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By Kent Gardner

Separated by water and a line on a map, Canada’s Golden Horseshoe Region, powered by Toronto, prospers while upstate New York, dominated by Buffalo, Rochester and Syracuse, barely holds its own. How can neighboring regions in different countries share so much but fare so differently?

Two policy differences stand out: immigration and business taxes.

Since 1996 the Golden Horseshoe added more than a third to its employment base and a quarter to its population. Upstate increased neither.

The Golden Horseshoe added more than 1 million new jobs from 1996 to 2011, up 36 percent over the period, outstripping its 28 percent population growth. Upstate barely managed to replace jobs lost. With the exception of manufacturing, every major sector paid higher wages in Ontario than in upstate in 2009.

Canadian voters and politicians seem to believe that immigration is good for their economy. Adjusted for population, immigration to Canada in 2011 was more than twice that of the United States.

Not only does Canada admit relatively more immigrants, but it gives preferential treatment to “economic immigrants” – individuals who bring skill and education to their adopted workplaces. Although the United States also grants preference to the skilled and educated, the quota is far smaller.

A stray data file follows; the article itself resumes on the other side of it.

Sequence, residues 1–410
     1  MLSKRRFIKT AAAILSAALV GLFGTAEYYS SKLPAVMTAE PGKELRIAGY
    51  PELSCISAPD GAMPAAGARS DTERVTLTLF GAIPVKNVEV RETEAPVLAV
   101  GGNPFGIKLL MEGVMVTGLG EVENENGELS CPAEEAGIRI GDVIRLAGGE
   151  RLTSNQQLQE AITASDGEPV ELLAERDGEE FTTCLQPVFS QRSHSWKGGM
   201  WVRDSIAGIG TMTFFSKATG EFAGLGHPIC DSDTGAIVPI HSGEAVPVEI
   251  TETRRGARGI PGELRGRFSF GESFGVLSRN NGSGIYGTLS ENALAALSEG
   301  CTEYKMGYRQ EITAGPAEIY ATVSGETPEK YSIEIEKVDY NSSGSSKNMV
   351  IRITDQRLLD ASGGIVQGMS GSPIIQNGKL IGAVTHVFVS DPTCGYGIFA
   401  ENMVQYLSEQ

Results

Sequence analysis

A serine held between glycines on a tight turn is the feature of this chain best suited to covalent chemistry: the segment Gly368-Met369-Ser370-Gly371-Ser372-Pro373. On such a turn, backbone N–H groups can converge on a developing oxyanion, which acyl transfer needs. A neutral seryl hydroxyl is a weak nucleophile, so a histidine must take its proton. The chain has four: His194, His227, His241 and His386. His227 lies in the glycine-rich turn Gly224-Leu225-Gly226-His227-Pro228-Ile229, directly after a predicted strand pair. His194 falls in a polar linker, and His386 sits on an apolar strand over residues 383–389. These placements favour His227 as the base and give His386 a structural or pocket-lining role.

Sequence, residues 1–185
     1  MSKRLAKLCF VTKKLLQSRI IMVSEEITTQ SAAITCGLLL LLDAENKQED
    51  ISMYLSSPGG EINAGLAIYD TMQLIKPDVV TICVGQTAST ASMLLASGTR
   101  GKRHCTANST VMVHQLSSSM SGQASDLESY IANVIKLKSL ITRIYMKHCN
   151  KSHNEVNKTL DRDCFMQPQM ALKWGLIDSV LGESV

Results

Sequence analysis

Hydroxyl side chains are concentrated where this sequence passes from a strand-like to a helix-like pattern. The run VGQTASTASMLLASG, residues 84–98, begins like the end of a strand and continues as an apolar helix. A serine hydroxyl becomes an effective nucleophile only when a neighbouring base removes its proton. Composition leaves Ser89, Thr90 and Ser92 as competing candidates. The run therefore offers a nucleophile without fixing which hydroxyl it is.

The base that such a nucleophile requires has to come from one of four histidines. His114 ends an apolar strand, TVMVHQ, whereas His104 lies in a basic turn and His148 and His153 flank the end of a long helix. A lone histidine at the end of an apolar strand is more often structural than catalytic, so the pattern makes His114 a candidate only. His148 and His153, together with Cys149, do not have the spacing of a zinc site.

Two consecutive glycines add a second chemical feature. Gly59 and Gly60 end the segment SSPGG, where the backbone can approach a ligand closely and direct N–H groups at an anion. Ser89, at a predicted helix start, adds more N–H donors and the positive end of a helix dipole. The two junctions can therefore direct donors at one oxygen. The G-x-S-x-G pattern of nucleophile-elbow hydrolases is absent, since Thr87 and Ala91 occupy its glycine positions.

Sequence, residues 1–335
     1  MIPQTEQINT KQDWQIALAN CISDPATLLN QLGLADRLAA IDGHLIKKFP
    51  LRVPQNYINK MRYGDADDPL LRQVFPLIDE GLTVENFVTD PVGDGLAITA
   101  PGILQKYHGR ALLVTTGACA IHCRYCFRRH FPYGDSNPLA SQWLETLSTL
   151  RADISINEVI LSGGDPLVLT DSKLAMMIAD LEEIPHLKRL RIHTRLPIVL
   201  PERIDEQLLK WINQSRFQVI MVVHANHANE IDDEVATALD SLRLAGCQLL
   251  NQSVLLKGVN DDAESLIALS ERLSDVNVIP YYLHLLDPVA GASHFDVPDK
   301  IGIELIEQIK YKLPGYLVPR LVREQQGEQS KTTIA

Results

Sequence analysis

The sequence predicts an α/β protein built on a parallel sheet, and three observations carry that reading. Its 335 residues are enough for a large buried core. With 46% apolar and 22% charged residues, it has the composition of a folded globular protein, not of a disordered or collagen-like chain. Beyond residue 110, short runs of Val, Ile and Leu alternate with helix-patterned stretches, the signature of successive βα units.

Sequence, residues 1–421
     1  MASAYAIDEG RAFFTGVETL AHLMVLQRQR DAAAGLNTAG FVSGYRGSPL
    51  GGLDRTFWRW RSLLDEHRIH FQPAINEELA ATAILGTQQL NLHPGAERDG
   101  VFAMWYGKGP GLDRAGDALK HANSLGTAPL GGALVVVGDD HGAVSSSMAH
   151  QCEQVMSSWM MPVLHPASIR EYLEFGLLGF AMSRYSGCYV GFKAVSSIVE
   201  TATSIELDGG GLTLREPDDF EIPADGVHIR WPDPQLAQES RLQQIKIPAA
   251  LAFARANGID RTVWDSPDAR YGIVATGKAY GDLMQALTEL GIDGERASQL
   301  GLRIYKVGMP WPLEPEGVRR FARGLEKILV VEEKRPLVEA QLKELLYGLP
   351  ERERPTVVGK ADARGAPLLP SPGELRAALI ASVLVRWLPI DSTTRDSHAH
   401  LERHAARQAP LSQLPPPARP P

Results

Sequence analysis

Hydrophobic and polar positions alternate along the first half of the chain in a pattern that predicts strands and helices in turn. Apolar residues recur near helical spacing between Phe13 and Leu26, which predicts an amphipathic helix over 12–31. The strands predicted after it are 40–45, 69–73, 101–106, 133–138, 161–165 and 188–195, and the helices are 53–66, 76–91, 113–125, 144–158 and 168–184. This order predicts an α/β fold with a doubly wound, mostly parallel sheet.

Canada also boasts a favorable tax climate for business. The burden of taxation on business is not the only factor driving a firm’s location choice, but it can be an important factor. According to a study released by consultancy firm KPMG in 2012, the best tax climate for business overall was India. Canada ranked second, just ahead of China.

In a head-to-head competition between Toronto and Buffalo, KPMG reported that business taxes in Toronto are two-thirds of Buffalo’s.

What are the lessons for the United States? First, our ability to tax business is limited. The rhetorical battle over tax policy often focuses on what individuals and firms can afford to pay. This may appeal to our sense of fairness, but experience tells us that taxes affect behavior.

Second, immigrants revitalize our economy; they don’t threaten it. As Congress struggles with immigration reform, it should expand access to the best and brightest of other nations.

The colleges and universities of the United States, including the many highly respected upstate institutions, are the world’s most powerful magnet for smart young people from foreign lands. Some have suggested that a graduate diploma should automatically come with the right to work – a “green card.” Not only would this help upstate emulate Canada’s success, it would also improve the nation’s economy.

Kent Gardner, Ph.D., is chief economist/chief research officer at the Center for Governmental Research in Rochester.